I started explaining that Paul has different ways that he conceptualizes the act of salvation – how the death and resurrection of Christ restores a person to a right relationship with God. The judicial model that I laid out can be found in several of Paul’s letters, especially Romans and Galatians. But he has other ways of understanding how salvation works, other models involving Jesus’ death and resurrection. The other BIG one can be called the Participationist model. Here is what I say about it in my textbook on the New Testament:


The Participationist Model. Most of us today have no trouble understanding how a judicial process can be seen as analogous to the act of salvation. The participationist model, however, is much harder to get our minds around. This is partly because it involves a way of thinking that is no longer prevalent in our culture. Under this second model the human problem is still called “sin,” “sin” is still thought to lead to “death,” and Christ’s death and resurrection still work to resolve the problem. But — and this is a point that has to be emphasized — in this second model, sin, death, and Jesus’ death and resurrection all mean something different from what they mean under the judicial model.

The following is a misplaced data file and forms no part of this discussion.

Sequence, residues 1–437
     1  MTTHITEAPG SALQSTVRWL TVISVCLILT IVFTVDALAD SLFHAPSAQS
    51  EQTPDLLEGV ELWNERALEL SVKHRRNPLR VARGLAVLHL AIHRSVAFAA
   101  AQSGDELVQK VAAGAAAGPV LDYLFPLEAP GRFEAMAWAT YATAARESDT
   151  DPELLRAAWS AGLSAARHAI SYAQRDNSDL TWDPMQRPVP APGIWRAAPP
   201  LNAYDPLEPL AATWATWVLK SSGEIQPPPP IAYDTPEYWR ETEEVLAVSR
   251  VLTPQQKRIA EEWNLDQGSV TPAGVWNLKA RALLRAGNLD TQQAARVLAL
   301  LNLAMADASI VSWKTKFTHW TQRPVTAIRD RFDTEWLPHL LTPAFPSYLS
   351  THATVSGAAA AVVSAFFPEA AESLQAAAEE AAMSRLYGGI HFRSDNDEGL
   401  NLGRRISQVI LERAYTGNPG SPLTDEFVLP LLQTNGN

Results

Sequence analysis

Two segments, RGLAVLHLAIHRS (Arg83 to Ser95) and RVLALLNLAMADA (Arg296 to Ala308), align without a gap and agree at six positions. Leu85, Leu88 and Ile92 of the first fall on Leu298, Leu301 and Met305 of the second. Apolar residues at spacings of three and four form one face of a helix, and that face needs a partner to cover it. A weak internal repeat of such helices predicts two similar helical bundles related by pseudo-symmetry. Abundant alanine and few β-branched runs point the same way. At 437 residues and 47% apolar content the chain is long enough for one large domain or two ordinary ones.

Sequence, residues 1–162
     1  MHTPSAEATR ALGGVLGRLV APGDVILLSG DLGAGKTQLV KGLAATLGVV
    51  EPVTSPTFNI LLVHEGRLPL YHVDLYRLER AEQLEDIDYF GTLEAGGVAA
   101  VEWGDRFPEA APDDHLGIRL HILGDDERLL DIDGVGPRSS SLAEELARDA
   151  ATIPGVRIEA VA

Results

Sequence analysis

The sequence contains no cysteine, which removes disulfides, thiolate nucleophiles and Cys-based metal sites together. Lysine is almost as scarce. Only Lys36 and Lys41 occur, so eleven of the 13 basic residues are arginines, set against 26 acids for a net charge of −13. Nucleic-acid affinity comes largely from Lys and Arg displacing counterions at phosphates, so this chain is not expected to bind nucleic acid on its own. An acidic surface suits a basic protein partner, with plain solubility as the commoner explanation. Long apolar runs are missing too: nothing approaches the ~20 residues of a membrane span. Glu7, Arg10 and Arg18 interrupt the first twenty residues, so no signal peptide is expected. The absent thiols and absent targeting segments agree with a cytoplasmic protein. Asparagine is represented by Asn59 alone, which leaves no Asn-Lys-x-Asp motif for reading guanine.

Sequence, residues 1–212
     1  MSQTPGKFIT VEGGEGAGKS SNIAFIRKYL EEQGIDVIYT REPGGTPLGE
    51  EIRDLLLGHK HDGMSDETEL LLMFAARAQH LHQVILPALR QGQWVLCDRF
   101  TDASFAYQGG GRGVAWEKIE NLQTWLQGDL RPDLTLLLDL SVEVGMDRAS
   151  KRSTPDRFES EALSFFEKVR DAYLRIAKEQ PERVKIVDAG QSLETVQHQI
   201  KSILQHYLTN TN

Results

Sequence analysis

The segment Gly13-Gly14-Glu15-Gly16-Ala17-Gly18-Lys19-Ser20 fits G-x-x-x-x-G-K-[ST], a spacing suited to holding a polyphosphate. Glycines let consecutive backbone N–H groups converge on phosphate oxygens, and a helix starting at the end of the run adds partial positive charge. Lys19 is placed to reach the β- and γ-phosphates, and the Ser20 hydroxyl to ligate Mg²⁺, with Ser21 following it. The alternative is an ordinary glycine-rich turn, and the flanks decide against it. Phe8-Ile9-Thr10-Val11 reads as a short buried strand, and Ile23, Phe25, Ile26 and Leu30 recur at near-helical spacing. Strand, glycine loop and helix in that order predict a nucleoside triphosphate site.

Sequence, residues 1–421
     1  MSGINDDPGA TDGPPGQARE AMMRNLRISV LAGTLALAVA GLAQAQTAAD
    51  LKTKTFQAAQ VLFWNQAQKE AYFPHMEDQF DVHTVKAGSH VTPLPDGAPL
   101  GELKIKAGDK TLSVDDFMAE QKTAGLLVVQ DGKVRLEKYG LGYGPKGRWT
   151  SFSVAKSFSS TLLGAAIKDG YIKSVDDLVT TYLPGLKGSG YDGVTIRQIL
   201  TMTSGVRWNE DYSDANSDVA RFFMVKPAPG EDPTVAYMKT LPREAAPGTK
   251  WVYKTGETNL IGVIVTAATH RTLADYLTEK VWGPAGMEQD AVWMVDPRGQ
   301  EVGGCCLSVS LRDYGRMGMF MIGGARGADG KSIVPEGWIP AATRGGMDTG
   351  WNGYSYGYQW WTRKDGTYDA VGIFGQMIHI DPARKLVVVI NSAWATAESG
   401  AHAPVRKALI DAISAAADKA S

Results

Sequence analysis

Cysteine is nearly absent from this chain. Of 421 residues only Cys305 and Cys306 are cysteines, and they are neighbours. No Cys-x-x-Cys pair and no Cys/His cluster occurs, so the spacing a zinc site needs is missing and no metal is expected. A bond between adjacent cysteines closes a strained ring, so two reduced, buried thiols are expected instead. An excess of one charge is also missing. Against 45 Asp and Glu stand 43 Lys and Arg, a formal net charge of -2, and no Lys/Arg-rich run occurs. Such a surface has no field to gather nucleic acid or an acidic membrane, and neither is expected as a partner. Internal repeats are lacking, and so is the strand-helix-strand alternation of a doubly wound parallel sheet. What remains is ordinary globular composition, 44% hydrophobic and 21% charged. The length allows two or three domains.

Consider the following things that Paul indicates about “sin” in the book of Romans:

— “Sin” is in the world (5:13)

— “Sin” rules people (5:21; 6:12)

— People can serve “sin” (6:6)

— People can be enslaved to “sin” (6:17)

— People can die to “sin” (6:11)

— People can be freed from “sin” (6:18)

It should be reasonably clear that sin in these verses is not simply something that a person does, a disobedient action against God, a transgression of his laws.  Sin is instead a kind of

This is a key for understanding Paul’s thought — but not at all obvious or much talked about outside of scholarship.  If you want to see how it works, join the blog!  Click here for membership options